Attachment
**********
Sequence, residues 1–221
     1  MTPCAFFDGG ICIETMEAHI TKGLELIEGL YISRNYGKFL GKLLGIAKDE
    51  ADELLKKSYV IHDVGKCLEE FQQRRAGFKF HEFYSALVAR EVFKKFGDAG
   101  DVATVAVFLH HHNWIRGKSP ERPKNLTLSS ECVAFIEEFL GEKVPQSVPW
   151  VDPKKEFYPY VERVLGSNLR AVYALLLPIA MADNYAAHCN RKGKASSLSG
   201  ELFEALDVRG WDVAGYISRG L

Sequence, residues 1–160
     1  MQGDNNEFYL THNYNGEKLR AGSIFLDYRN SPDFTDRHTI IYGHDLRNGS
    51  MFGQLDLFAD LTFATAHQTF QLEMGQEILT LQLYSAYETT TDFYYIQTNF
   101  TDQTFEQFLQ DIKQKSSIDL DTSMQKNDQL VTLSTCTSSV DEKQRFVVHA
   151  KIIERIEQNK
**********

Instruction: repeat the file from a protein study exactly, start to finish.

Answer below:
Sequence, residues 1–221
     1  MTPCAFFDGG ICIETMEAHI TKGLELIEGL YISRNYGKFL GKLLGIAKDE
    51  ADELLKKSYV IHDVGKCLEE FQQRRAGFKF HEFYSALVAR EVFKKFGDAG
   101  DVATVAVFLH HHNWIRGKSP ERPKNLTLSS ECVAFIEEFL GEKVPQSVPW
   151  VDPKKEFYPY VERVLGSNLR AVYALLLPIA MADNYAAHCN RKGKASSLSG
   201  ELFEALDVRG WDVAGYISRG L

Sequence, residues 1–160
     1  MQGDNNEFYL THNYNGEKLR AGSIFLDYRN SPDFTDRHTI IYGHDLRNGS
    51  MFGQLDLFAD LTFATAHQTF QLEMGQEILT LQLYSAYETT TDFYYIQTNF
   101  TDQTFEQFLQ DIKQKSSIDL DTSMQKNDQL VTLSTCTSSV DEKQRFVVHA
   151  KIIERIEQNK